Is it Really Flushable?

Is it Really Flushable?

[fsn_row][fsn_column width=”12″ column_style=”light”][fsn_text] In an effort to stay healthy during the pandemic, are you flushing items that could be harmful to your plumbing system?  Disinfectant wipes have become one of the most sought after items of 2020.  At Churchwell Plumbing, we’re seeing an increase in drainage clogs this year.  Check out the following items to see if you are flushing a product that might be harmful to your pipes (or your checkbook).   Disinfecting Wipes – Wipes that are made for cleaning and disinfecting are NOT made to flush.  They can get clumped together in your pipes and cause damaging clogs.  These wipes are not made to break down in water or in septic systems and you should avoid flushing them at all costs.   “Flushable” Wipes – Flushable personal care wipes, or wet wipes, may say on the label that they can be flushed, but that’s not always the case.  Flushable wipes might not break down quickly enough in your pipes to avoid a clogged toilet.  So, Churchwell Plumbing suggests disposing of them in the trash can.   Paper Towels – While paper towels are convenient and disposable, the toilet is not the place to do so.  With the increase in hand washing and cleaning, businesses and residences are using more paper towels than ever.  Be sure to let your customers and guests know that paper towels should be disposed of in the trash can.   Churchwell Plumbing is here to help with any problems that may arise.  We are committed to helping our customers solve their plumbing issues in a timely and affordable way.  Give us a...
Plumbing Maintenance 101

Plumbing Maintenance 101

Be aware Even small leaks can create big problems for your home plumbing system. Be aware of smalls signs of trouble such as leaking faucets, damp cabinets, rocking toilets and dripping refrigerators. These small issues signal bigger problems that need prompt attention. Be proactive with repairs The longer you wait to repair plumbing problems, the more damage you could be doing. Not fixing a leak promptly can create mold and mildew, something we recommend avoiding. For a clean, dry and safe home, repair leaks early. Have a disaster plan Just in case something goes wrong, it’s always a good idea to have a disaster plan. Make sure you know how to you shut the water off and who to call if the problem isn’t an easy fix. Knowing how to shut off your water can stop a flood, saving you from cleanup time and potential damage. Be prepared for the cold Prevention is the easiest and most cost-effective way to manage your home plumbing. It is possible, and easy, to prevent freezing pipes and the costly damage that goes with them, but only if you plan! Pay attention to where your pipes are located, insulate pipes that need it, crack cabinets overnight and know who your go-to plumber is in case something does...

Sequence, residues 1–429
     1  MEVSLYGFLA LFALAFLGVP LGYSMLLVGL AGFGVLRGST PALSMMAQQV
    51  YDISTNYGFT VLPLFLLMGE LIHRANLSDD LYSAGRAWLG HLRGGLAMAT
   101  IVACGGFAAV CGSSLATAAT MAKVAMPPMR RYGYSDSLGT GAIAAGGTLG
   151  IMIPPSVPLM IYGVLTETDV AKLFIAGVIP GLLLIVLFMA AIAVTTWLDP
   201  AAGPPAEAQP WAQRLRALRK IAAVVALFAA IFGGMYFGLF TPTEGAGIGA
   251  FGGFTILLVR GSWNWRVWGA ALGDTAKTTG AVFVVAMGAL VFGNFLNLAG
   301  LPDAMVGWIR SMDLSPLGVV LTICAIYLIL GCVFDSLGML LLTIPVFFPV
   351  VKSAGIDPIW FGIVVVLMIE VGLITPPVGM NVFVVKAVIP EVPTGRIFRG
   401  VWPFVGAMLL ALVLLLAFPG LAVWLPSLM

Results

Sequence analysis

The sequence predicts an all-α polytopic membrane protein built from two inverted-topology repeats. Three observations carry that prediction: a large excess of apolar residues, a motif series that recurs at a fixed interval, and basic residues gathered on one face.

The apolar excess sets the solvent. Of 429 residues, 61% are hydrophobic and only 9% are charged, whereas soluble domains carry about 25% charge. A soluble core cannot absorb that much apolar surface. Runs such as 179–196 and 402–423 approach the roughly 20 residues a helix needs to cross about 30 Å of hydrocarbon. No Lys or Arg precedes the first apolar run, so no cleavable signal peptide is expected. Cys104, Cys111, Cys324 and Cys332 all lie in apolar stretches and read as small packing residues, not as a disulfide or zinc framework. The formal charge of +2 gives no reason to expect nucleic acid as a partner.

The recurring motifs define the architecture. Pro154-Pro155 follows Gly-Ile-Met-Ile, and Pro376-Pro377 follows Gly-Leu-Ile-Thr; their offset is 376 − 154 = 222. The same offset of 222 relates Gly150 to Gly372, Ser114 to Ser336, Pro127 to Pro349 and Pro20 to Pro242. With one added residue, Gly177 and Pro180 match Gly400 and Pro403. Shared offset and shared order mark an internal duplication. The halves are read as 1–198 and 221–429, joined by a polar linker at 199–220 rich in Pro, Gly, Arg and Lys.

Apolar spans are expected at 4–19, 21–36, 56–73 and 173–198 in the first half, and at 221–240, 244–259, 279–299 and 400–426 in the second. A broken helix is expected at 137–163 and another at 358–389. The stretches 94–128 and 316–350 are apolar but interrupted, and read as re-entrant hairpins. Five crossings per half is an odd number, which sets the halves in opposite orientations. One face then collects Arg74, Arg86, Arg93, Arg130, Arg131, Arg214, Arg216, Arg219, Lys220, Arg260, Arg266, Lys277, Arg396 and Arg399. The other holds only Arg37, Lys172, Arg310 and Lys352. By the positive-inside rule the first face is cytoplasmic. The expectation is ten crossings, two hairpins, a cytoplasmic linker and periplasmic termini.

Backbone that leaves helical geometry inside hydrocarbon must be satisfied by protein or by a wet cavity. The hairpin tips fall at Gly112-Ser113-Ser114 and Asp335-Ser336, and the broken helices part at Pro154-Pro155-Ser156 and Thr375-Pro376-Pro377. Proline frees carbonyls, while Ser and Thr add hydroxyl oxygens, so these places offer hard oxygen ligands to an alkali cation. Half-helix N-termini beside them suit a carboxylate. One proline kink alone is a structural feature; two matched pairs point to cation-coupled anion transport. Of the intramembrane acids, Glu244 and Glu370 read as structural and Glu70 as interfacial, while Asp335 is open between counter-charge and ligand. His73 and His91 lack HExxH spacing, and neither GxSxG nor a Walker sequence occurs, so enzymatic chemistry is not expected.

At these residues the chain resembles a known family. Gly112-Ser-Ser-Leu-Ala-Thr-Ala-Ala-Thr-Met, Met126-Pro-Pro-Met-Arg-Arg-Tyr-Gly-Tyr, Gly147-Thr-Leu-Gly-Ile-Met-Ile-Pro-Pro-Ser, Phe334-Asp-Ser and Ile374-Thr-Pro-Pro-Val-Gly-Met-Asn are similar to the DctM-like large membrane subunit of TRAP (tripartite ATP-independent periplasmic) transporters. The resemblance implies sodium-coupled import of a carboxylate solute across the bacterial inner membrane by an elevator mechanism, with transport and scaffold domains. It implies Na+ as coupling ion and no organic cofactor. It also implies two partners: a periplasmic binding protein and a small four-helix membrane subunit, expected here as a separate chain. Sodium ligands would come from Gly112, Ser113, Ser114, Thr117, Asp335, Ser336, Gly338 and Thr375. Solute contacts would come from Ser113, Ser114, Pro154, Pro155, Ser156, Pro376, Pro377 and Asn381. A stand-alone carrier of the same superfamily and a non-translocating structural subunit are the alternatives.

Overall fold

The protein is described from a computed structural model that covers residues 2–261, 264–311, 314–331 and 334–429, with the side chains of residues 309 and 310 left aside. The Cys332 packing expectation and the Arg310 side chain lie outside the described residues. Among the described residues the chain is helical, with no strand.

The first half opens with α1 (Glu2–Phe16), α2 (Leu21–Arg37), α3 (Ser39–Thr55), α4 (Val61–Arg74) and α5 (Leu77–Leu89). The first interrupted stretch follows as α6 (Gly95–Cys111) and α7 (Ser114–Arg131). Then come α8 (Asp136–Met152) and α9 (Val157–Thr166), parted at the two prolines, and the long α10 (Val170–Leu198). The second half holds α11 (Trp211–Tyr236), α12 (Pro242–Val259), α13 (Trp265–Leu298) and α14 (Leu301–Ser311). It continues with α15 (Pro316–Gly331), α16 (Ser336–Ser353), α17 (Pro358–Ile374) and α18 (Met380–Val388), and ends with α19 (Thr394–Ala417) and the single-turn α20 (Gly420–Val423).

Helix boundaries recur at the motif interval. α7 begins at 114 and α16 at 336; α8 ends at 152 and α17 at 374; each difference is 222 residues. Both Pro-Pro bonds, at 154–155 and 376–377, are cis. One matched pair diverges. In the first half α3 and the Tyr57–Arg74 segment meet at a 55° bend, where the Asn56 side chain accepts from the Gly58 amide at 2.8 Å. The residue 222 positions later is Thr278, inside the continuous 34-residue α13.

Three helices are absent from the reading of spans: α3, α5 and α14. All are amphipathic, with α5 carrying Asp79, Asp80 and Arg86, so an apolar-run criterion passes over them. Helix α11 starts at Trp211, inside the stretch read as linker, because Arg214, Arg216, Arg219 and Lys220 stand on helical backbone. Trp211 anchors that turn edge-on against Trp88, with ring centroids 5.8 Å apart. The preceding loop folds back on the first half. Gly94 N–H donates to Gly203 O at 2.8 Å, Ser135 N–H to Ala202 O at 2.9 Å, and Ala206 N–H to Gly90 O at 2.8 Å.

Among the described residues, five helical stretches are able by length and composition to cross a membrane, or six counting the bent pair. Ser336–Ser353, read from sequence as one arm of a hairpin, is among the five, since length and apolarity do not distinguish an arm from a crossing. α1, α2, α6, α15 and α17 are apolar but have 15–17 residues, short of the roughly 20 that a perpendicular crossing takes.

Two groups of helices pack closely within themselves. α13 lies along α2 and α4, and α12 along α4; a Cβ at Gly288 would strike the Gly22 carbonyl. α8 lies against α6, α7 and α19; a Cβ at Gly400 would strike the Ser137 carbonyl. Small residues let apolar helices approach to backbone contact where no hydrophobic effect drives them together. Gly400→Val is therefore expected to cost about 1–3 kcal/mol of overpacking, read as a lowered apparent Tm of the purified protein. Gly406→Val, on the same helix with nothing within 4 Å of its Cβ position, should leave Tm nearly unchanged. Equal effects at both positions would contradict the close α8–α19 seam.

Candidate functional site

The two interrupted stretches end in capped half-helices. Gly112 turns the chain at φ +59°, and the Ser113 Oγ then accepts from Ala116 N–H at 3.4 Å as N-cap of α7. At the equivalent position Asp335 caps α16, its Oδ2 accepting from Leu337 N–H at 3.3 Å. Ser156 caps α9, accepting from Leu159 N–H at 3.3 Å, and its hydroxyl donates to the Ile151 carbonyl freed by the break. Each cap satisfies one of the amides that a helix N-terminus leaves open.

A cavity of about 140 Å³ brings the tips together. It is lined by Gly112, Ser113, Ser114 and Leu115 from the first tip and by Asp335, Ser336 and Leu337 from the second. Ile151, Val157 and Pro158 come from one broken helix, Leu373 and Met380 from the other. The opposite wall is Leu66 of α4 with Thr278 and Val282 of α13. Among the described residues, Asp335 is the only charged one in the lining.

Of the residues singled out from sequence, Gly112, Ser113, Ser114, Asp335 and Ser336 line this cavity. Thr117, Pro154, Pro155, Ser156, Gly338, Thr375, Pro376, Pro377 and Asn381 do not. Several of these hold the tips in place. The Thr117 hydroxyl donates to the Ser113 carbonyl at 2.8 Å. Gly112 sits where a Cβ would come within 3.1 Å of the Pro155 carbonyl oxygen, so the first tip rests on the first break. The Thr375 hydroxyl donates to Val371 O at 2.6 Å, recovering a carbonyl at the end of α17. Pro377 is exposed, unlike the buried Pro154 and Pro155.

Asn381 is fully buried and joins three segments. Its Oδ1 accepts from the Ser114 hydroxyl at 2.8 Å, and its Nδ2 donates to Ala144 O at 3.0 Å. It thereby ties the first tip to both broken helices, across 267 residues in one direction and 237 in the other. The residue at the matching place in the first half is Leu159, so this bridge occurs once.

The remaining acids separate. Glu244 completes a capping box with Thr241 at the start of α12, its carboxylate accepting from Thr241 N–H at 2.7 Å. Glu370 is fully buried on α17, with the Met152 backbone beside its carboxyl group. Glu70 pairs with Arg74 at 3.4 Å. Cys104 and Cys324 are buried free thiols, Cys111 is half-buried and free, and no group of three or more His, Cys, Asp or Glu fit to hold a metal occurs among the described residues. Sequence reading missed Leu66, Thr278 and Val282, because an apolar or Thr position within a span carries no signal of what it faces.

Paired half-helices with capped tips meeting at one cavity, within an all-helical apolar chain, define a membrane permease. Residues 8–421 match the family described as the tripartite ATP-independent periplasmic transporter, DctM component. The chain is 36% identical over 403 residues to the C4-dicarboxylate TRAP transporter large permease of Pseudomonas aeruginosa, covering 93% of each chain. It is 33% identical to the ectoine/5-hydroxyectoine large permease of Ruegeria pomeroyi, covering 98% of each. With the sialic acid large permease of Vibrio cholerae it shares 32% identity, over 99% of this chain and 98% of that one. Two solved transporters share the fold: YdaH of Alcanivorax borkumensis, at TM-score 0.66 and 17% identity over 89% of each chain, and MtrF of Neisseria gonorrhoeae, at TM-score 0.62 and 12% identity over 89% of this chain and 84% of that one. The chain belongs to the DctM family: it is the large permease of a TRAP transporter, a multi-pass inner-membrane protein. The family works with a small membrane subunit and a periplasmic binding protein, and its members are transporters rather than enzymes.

How to Love Your Plumbing

How to Love Your Plumbing

Valentine’s Day is right around the corner! When shopping for your special someone, save some love for your plumbing. Seem odd? Well to keep your pipes in the best working order, you need to show them some TLC. Because February falls in late winter, there are some steps you can take to avoiding surprise plumbing issues. Here are some simple and easy home tips for a beautiful plumbing system. Insulate Plumbing Pipes – Adding pipe insulation can help you prevent frozen pipes, especially in cold parts of your house like the garage, basement and crawl space. Depending on the location of the plumbing, pipes can be wrapped in newspaper, foam, towels, etc. Crack Your Cabinets- When the cold dips below freezing, leave the doors of your sink cabinets open overnight. Exposing those pipes to the heat inside your home can make a big difference. Keep in mind that if you have any chemical cleaning supplies under your sink, keep it away from pets or children while you leave your cabinets open. Locate Your Water Shut Off Valve –Knowing where your main water shut off valve is located will help prevent water damage in an emergency. If you ever experience a plumbing leak, you will be able to quickly turn off the water to your home to prevent flooding and damage until a plumbing technician arrives. Correct Small Leaks – If you notice a leak, don’t let it go uncorrected. Even a small leak can make pipes corrode more quickly. Small leaks can lead to water damage and mold. Correcting a small leak now can save you from paying for a large...